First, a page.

Wlliam Gilmore Simms
The Simms Review (Vol 10: No 2) >> An Unrecorded 1879 Simms Notice from the New York World / The Simms Memorial at Charleston. / The Simms Memorial. >> Page 19

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Page 19

Scholarship | 2002
Transcription position by showing with what indeftaiguable zeal he
had applied himself to work again when reduced to
poverty by the war. His character was admirably
portrayed and the qualities of his numerous
works were critically described. The monu-
ment was unveiled by the Misses Roach,
two of the granddaughters of Mr. Simms, as-
sisted by two young ladies from the Confederate
Home. The bust, which rests upon a pedestal
of South Carolina granite ten feet in height, is of
bronze and is the work, as before stated in THE
WORLD, of Mr. J. Q. A. Ward, of New York. It
is of Heroic size anD is a strikingly faithful repre-
sentation of Simms in the prime of life. The pedes-
tal and mound surround1nig it were profusely deco- .
rated with South Carolina laurel and live-oak moss
and during ceremonies a laurel wreath, entwined
by the young ladies of the Conederate Home, was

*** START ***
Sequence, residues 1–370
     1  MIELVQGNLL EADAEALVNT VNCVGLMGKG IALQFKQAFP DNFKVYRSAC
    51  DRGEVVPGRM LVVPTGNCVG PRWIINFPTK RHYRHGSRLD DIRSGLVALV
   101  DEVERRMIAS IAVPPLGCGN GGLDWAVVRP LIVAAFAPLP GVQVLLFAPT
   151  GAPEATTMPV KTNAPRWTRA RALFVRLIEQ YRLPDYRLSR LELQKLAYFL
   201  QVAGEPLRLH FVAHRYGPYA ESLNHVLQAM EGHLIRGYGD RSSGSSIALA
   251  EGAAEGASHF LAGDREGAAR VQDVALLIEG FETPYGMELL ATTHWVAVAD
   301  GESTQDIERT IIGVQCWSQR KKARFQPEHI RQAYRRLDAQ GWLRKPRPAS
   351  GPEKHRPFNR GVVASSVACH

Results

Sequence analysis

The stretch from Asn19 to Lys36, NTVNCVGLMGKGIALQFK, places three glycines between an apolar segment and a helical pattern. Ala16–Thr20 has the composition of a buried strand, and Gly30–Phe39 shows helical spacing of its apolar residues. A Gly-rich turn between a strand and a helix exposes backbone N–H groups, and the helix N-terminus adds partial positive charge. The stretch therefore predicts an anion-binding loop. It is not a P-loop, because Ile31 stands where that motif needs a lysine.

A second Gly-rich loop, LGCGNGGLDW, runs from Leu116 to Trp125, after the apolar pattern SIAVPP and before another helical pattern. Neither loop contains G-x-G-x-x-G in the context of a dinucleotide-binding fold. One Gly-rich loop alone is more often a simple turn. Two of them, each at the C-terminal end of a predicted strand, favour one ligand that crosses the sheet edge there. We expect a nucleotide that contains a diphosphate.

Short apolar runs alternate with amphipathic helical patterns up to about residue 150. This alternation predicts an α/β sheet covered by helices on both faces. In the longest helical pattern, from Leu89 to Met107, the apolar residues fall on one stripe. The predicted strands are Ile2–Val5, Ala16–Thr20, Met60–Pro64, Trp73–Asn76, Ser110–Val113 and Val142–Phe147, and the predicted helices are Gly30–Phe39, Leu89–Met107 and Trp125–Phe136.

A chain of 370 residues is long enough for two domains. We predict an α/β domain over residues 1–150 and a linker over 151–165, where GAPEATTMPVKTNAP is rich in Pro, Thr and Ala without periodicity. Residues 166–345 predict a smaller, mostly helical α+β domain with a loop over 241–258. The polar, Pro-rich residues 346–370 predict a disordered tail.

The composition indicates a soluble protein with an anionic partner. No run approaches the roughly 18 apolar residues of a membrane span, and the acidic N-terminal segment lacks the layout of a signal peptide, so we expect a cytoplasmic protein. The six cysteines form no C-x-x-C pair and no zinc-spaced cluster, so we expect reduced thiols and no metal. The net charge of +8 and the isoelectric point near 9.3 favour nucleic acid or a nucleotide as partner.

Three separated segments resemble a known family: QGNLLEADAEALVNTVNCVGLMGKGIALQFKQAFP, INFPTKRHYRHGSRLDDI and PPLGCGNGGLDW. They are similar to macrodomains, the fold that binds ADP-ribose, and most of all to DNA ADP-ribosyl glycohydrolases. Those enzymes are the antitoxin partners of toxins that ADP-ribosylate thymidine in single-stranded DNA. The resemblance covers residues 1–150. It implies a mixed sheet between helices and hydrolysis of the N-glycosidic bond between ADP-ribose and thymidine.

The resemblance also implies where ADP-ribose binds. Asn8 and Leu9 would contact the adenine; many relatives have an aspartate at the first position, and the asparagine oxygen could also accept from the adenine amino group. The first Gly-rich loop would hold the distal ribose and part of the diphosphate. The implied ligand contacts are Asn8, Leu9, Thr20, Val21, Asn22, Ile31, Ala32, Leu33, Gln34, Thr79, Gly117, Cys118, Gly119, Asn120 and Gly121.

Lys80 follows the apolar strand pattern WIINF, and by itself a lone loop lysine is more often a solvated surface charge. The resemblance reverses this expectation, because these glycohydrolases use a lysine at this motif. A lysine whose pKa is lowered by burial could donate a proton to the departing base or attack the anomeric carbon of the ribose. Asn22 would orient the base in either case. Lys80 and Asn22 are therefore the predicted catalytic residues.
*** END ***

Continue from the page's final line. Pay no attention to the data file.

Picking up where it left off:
placed upon the brow of the bust by Colonel
James Armstrong. At the conclusion of the
oration the President of the Carolina Art
Association presented the monument to the
Mayor of the city, in whose keeping it
is placed. The Mayor in accepting the gift appro-
priately responded in behalf of the city. The large
stand from which the speeches were delivered was
tastefully decorated with the flags of the United
States and the State of South Carolina, and with
laurel and flowers, and was occupied by the officers
and members of the Carolina Art Association, the
Simms Memorial Association, the Board of Control
of the Confederate Home, members of the clergy
and legal profession and other prominent guests.
The proceedings were in every respect highly inter-
esting, and the memory of the occasion will long be
tenderly cherished by the people of Charleston and
all who were present.